RFC 1875 UNINETT PCA Policy Statements December 1995 13. References........................................10 14. Author's Address..................................10 1. Introduction This document provides information about policy statements submitted by the UNINETT Policy Certification Authority (UNINETT PCA). It's purpose is to provide information to members of the Internet community who wish to evaluate the trust they can place in a certification path that includes a certificate issued by the UNINETT PCA, or to set up a CA to be certified by the UNINETT PCA. 2. PCA Identity Distinguished Name (DN): C=no, O=uninett, OU=pca The UNINETT PCA will be run by: Norwegian Computing Center Gaustadallien 23 P.O.Box 114 Blindern, N-0314 Oslo, Norway Contact person: Nils Harald Berge Email: Nils.Harald.Berge@nr.no Tel.: (+47) 22 85 25 00 Fax : (+47) 22 69 76 60 Duration: This policy is valid from Oct 1, 1995 to Jan 1, 1998 Info about this PCA is available at: http://www.uninett.no/pca/ 3. UNINETT - a brief overview UNINETT is a Limited Company (AS) operating the Norwegian network for academics and research. It is incorporated under Norwegian law, and it's company number is 968100211. More information is available from the UNINETT web server at: http://www.uninett.no/ 4. PCA Scope The scope of the UNINETT PCA is determined by UNINETT Policy. It will chiefly certify CAs to run on behalf of legal entities such as schools and companies. Berge Informational [Page 2]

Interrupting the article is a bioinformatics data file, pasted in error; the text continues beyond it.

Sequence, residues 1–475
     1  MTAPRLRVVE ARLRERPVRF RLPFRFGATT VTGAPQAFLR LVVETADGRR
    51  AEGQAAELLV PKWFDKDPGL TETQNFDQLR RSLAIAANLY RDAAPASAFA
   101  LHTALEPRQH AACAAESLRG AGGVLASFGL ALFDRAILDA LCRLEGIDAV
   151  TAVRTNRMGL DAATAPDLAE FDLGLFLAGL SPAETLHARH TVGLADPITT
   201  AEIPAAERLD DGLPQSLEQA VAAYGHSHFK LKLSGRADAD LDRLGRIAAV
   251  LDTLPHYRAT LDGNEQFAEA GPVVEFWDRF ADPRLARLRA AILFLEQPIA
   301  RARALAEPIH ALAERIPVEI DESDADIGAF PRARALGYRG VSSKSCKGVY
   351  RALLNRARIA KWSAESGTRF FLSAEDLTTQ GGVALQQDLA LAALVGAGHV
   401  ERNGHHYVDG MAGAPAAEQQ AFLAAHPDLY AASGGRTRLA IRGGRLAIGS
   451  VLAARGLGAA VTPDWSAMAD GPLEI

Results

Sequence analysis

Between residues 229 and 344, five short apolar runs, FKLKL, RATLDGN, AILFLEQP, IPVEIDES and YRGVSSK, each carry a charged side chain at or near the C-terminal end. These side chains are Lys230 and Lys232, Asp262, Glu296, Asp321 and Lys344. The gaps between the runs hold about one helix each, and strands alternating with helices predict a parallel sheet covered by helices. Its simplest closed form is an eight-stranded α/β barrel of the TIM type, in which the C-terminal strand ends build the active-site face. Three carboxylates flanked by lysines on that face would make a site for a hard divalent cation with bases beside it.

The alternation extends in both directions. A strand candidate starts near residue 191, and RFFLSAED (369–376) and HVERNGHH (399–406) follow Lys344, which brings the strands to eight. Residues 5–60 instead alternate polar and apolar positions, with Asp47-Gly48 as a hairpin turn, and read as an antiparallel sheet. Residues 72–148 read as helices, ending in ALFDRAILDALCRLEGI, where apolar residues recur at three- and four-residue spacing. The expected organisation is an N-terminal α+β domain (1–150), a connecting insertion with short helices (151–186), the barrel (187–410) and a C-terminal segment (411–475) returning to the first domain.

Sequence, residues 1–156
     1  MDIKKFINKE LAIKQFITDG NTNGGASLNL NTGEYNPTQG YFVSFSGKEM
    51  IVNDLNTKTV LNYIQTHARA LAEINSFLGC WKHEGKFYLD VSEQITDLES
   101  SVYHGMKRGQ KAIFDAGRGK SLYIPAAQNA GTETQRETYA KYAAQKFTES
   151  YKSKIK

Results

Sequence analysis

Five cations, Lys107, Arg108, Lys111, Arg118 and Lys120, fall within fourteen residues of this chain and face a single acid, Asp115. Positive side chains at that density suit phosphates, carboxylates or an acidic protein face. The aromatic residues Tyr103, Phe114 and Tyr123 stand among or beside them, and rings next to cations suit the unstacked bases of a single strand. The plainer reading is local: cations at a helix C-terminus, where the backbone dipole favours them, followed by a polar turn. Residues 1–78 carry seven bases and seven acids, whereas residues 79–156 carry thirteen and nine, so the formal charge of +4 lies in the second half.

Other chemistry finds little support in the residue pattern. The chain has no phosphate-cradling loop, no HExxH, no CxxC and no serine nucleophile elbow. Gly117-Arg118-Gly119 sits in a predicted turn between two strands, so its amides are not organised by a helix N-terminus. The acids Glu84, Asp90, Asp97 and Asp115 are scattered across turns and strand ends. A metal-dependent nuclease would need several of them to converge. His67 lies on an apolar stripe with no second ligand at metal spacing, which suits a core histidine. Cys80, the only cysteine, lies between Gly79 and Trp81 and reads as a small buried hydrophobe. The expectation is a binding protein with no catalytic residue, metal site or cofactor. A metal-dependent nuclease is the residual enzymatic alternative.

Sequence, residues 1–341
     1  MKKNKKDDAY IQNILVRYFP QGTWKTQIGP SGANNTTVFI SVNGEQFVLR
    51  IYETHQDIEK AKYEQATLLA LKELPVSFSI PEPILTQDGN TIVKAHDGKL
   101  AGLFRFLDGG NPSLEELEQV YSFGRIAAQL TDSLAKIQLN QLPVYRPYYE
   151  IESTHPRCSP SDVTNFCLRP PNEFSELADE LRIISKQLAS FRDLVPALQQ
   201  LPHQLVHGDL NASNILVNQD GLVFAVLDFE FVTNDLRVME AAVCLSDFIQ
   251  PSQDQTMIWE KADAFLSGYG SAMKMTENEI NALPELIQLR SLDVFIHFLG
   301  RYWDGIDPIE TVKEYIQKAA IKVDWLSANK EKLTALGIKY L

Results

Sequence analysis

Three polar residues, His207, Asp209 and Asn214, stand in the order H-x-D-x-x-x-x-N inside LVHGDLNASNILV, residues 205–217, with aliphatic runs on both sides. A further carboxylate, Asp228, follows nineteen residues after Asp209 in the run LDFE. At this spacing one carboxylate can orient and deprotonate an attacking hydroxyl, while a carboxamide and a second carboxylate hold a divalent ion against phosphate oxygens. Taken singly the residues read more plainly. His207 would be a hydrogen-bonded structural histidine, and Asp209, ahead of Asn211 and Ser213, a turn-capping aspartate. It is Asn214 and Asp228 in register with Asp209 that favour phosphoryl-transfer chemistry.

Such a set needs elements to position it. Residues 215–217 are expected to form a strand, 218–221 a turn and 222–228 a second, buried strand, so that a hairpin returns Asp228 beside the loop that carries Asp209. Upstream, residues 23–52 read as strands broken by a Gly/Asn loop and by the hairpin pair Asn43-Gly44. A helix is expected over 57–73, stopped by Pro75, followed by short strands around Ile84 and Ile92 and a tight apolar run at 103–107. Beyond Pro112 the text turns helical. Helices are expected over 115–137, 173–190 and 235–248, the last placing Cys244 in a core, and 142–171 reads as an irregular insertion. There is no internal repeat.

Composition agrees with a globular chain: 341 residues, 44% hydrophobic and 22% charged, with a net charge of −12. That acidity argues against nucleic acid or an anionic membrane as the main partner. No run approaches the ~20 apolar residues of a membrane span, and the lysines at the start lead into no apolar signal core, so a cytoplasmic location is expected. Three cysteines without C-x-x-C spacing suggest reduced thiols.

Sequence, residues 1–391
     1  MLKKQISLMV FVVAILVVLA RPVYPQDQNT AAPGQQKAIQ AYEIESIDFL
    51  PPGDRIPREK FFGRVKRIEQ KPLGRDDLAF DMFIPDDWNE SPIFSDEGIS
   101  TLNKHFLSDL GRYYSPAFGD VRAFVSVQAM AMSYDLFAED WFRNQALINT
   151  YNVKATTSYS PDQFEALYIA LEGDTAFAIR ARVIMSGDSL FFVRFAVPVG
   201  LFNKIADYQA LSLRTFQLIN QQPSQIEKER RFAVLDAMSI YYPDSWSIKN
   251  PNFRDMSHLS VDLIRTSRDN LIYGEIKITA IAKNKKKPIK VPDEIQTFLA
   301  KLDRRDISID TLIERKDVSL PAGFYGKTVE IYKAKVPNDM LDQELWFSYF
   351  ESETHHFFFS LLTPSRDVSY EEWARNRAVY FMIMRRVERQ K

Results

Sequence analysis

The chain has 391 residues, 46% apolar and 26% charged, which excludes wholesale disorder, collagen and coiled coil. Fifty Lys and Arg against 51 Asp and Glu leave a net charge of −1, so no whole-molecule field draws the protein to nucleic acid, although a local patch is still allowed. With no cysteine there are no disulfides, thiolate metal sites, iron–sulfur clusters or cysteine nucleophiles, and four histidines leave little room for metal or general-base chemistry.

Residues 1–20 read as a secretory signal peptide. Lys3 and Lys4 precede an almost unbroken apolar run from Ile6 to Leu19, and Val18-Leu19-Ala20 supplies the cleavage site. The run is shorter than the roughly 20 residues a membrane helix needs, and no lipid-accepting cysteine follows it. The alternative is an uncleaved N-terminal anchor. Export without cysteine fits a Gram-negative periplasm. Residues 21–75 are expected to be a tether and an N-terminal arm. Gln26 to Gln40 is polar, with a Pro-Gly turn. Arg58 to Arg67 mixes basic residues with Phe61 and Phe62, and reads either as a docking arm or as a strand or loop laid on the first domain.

RFC 1875 UNINETT PCA Policy Statements December 1995 4.1 The certification tree The certification tree beneath the UNINETT PCA comprise three distinct entities: Certification Authorities (CAs), Registration Authorities (RAs) and users. CAs are described in the PEM documents [1,2,3,4]. An explanation of RAs is given bellow. There will be one CA, with possible sublevel CAs, per UNINETT member organization. The CA may be run by the organization itself, or by the organization running the PCA for organizations who do not want to take on the responsibility themselves. 4.2 Use of Registration Authorities (RAs) Since the CA may be located far away from the users, local authorities are needed for physical identification/authentication of users. For security reasons, and to avoid an unnecessary large number of CAs, these authorities are not allowed to issue certificates. A registration authority (RA) is an ordinary user, appointed by an organization or an organizational unit and trusted by a CA, serving as a point of contact for persons who want to register as users, i.e. to have a certificate issued. In order to avoid faked requests for certification, users must send their self-signed certificate to an appropriate RA, and then physically visit the RA with proof of identity. The RA will forward the self-signed certificate to the CA in a message signed by the RA, if the user is properly authenticated. For bulk certification (see 5.3) the RA must physically verify the identity of the user before giving out the password for access to the users private key. A CA may appoint as many RAs as it wish. The only difference between certifying an RA and an ordinary user is that the RA (a person) must sign an agreement with the certifying CA, stating the obligation to adhere to the agreed procedures. 5. PCA Security & Privacy 5.1 Security requirements imposed on the PCA - The PCA will have its private key stored on a smartcard. - The PCA will be run on a dedicated workstation with no network connection. The workstation will be physically secured. - Exchanging data between the PCA workstation and the rest of the world will be done by using tapes or floppy discs. Berge Informational [Page 3]